Contemporary critics[edit]

Leonard Maltin calls the 93-minute version an "Excellent adaptation of [the] Johann Wyss book," and writes that it "boasts impressive special effects, strong performances, and much darker elements than the later Disney version."[6]

The 1940 version is one of Oscar-winning film director James Ivory’s favorite movies. Ivory is quoted as saying that he liked the idea of the Robinsons transforming their deserted island with their London furnishings salvaged from their shipwreck, saying, "Swiss Family Robinson … appealed to my boyhood taste for disasters."[7]

Legacy and DVD release[edit]

The story was remade in 1960 by Walt Disney. Associate producer Basil Keys stated in a December 1960 Saturday Evening Post article that Walt Disney and producer Bill Anderson chose to make their version of the film after viewing the RKO version. According to a July 1959 Los Angeles Times article, director Ken Annakin used the RKO adaptation as "an example of what not to do," that is, avoiding the 1940 film's soundstage reproductions and focusing instead on location shooting and realistic art direction.[8]

Walt Disney is said to have bought the rights to the RKO film in an effort to suppress its re-release and avoid comparisons to his 1960 version.[9][10][11] Currently the Walt Disney Co. holds the rights to the RKO version, and 20 minutes of it was featured in the "Vault Disney" DVD release of their 1960 Swiss Family Robinson.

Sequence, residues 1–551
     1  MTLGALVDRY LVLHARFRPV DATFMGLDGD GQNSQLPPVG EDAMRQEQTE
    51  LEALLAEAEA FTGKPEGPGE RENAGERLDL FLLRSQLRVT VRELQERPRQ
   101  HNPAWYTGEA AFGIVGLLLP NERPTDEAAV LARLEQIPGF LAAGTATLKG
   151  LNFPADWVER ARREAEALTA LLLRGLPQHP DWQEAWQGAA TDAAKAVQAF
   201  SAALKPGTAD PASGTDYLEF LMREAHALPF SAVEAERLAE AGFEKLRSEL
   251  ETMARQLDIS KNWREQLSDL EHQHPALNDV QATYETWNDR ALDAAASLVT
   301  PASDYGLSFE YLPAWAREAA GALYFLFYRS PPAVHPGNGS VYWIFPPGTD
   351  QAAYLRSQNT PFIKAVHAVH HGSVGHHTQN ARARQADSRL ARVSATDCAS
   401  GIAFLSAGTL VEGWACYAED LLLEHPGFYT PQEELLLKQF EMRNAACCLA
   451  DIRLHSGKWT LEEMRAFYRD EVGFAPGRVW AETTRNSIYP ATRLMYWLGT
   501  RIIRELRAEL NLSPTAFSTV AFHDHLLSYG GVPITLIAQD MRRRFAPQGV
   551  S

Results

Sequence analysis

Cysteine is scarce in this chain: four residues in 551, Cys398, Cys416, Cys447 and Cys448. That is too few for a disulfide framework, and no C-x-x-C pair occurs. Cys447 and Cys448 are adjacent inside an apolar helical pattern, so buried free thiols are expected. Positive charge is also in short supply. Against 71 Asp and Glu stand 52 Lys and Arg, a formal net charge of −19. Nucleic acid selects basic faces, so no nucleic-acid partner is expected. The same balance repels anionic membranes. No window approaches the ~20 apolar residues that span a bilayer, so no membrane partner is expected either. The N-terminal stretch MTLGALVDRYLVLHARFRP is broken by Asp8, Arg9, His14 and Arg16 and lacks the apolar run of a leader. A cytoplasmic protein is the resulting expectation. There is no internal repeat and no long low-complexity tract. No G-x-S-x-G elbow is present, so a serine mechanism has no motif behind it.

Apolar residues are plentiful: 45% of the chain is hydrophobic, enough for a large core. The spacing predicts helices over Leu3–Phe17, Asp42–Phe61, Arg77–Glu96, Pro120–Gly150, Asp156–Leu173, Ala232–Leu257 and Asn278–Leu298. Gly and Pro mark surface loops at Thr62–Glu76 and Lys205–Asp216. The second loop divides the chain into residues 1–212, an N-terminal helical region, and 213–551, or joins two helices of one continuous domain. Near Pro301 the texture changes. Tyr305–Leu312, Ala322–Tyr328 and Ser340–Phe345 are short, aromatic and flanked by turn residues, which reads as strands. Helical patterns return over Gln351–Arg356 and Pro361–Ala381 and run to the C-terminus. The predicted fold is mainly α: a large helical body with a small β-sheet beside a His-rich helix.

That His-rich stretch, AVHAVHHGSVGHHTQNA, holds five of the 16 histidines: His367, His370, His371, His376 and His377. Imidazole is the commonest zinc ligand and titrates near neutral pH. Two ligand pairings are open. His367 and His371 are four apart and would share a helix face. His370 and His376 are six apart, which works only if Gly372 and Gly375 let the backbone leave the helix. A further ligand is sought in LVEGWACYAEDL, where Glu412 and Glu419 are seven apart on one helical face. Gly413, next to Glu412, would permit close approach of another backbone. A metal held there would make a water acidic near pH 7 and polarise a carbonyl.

Although the RKO version has not been released theatrically for decades, and no home formats from Disney were previously made commercially available, the film’s 92-minute version was briefly made available on DVD in 2010 from Turner Classic Movies, on their own "Vault Collection" DVD label, a library of "rare and forgotten" films, produced "in only small quantities and available for a limited time."[12] A limited on-demand DVD release by Retro Flix has also been produced.[13]

Cast[edit]

References[edit]

  1. ^ a b c Richard Jewel, 'RKO Film Grosses: 1931-1951', Historical Journal of Film Radio and Television, Vol 14 No 1, 1994 p57
  2. ^ Richard Jewell & Vernon Harbin, The RKO Story. New Rochelle, New York: Arlington House, 1982. p145
  3. ^ "The 13th Academy Awards (1941) Nominees and Winners". oscars.org. Retrieved 2013-06-19. 
  4. ^ Turner Classic Movies, Swiss Family Robinson, Notes
  5. ^ The Screen: On a Tropic, Slightly Toporific, Isle Lands Wyss's 'Swiss Family Robinson' at the Music Hall, By Frank S. Nugent, The New York Times, February 9, 1940 [1]
  6. ^ Leonard Maltin's Movie & Video Guide, 2001 Edition, pg. 1372. Signet, ISBN 0-451-20107-8
  7. ^ Merchant Ivory’s English Landscape: Rooms, Views and Anglo-Saxon Attitudes, by John Pym, pg. 21. Harry N. Abrams, New York 1995. ISBN 0-8109-4275-5
  8. ^ Turner Classic Movies, Swiss Family Robinson, Notes
  9. ^ Film History: An International Journal, 2007, Vol. 19, No. 2; Pages 125-143: "Forgotten Faces: Why Some of Our Cinema Heritage is Part of the Public Domain," by David Pierce doi:10.2979/FIL.2007.19.2.125
  10. ^ AllMovie.com, Swiss Family Robinson
  11. ^ Voyages Extraordinaires, September, 2009
  12. ^ Turner Classic Movies TCM Vault Collection
  13. ^ Swiss Family Robinson – DVD by Retro Flix

External links[edit]